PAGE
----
Susannah Weaver’s Long Island City studio almost looks like a test kitchen. There are heaps of icy-pink and baby-blue wool that appear to be cotton candy, five-gallon buckets of licorice-black dye near the sink, and nougat-y wedges of marbled concrete stacked on a shelf in a rainbow gradient. “My boyfriend calls it the forbidden cheese,” she says of an experiment that resembles a hunk of Stilton. But none of it is edible; it’s a mixture of dyed wool and concrete that she first created five years ago and uses to make lamps and tables and chairs.
Modern designers often invent materials that end up shaping what comes next. The Eameses, perhaps the best-known example, built their own plywood molding machine that led to their famous Lounger; Gaetano Pesce cooked up his own resin mixture to mold his gloopy chairs; and Jane Atfield minced plastic bottles to make a composite that eventually led to the first furniture collection made entirely from post-consumer waste. Like Atfield, Weaver chose to design a material first and then see what sorts of objects it would yield. At the Healthy Materials Lab at Parsons, where she was a student researcher, Weaver learned that sheep’s wool was a more sustainable alternative to foam upholstery. She especially appreciated its living qualities. (“You can see a sheep’s emotions through their hair,” she tells me. “If they’re stressed, it’s more dense and frizzy.”) But to build anything out of it, she needed to make it stronger, so she tried mixing it with concrete. Applying a technique used in rammed-earth architecture, Weaver layers concrete and wool into a mold and compresses the mixture with a very long wooden spoon. As the mixture cures, the dyes from the wool bleed into the concrete, creating a marbled look. Once it’s dry, she removes the object from the mold and sands the surface, which frees tufts of fuzzy wool from the concrete, giving it a more tactile, softer finish.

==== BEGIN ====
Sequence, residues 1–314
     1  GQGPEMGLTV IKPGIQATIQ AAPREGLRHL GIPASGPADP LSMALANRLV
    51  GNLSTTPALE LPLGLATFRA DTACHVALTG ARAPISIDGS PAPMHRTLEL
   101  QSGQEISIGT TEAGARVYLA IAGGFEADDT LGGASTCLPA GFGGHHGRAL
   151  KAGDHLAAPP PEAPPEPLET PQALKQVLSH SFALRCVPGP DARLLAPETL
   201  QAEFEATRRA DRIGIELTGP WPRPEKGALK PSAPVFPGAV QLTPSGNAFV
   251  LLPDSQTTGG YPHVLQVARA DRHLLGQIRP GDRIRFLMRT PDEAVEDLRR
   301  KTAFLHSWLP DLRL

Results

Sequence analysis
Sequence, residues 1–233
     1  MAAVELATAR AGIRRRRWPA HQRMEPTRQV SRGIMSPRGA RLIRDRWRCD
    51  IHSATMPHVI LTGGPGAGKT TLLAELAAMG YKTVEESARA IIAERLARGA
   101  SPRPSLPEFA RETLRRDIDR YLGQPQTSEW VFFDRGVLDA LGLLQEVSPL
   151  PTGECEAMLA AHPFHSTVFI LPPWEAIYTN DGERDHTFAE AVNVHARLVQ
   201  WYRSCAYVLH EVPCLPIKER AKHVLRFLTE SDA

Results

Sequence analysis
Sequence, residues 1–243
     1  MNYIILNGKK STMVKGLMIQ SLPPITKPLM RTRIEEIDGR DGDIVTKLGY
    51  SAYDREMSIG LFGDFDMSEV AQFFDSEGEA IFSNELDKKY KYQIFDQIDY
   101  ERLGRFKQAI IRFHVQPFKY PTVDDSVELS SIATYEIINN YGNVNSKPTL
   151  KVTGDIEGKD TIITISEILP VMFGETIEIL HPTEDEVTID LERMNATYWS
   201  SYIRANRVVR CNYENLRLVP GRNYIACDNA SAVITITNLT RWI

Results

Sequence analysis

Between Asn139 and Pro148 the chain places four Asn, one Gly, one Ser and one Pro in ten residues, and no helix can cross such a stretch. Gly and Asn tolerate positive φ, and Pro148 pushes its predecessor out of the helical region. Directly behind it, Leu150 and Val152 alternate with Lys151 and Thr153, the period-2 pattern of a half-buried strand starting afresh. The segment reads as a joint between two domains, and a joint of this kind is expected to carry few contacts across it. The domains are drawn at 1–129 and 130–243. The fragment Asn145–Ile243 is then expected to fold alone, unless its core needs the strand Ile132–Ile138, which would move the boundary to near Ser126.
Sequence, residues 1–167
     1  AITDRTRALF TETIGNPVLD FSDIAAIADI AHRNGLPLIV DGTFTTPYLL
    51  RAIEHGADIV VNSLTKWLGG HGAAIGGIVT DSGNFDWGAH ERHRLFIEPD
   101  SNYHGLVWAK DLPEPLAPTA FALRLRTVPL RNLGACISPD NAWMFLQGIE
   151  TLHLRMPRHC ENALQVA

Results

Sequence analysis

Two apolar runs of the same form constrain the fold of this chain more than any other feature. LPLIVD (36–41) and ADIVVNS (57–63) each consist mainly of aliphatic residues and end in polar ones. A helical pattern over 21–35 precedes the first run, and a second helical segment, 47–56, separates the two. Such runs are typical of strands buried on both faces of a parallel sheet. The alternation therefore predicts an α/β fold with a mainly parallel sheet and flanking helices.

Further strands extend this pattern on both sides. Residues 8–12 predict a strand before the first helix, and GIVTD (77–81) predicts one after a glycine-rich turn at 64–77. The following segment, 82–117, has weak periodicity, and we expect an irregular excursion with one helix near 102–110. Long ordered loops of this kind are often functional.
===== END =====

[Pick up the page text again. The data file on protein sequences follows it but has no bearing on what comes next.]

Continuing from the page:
So far, Weaver has made some small-scale pieces out of the material: a dark-gray table lamp that looks almost like a frozen lava lamp, hourglass-shaped planters big enough to hold a monstera, and pedestal-style side tables. She finds that the fuzziness of her finished pieces either attracts people who think it’s cute or repels people who “are a little weirded out,” she says. But “the girls who get it, get it.” It’s also grabbed the attention of curators. Wava Carpenter, Design Miami’s former curatorial director, included a lamp and vessel in an exhibition of emerging artists held at Carpenter’s Workshop’s New York gallery. The Mexico City design gallery Ángulo Cero included two of her lamps in its “New Solid” installation at Casa Nueva during Design Week Mexico. In May, for Frieze, she’s exhibiting her work at C1760 Gallery. Next, Weaver wants to scale up, although the material is so heavy that anything bigger can easily top 100 pounds. To fashion a lounge chair, for instance, she’s testing out a new technique to make lighter, organically shaped pieces inspired by the molded fiberglass method the Eameses used.
Correction: The story has been updated to reflect that Wava Carpenter is no longer the curatorial director of Design Miami.
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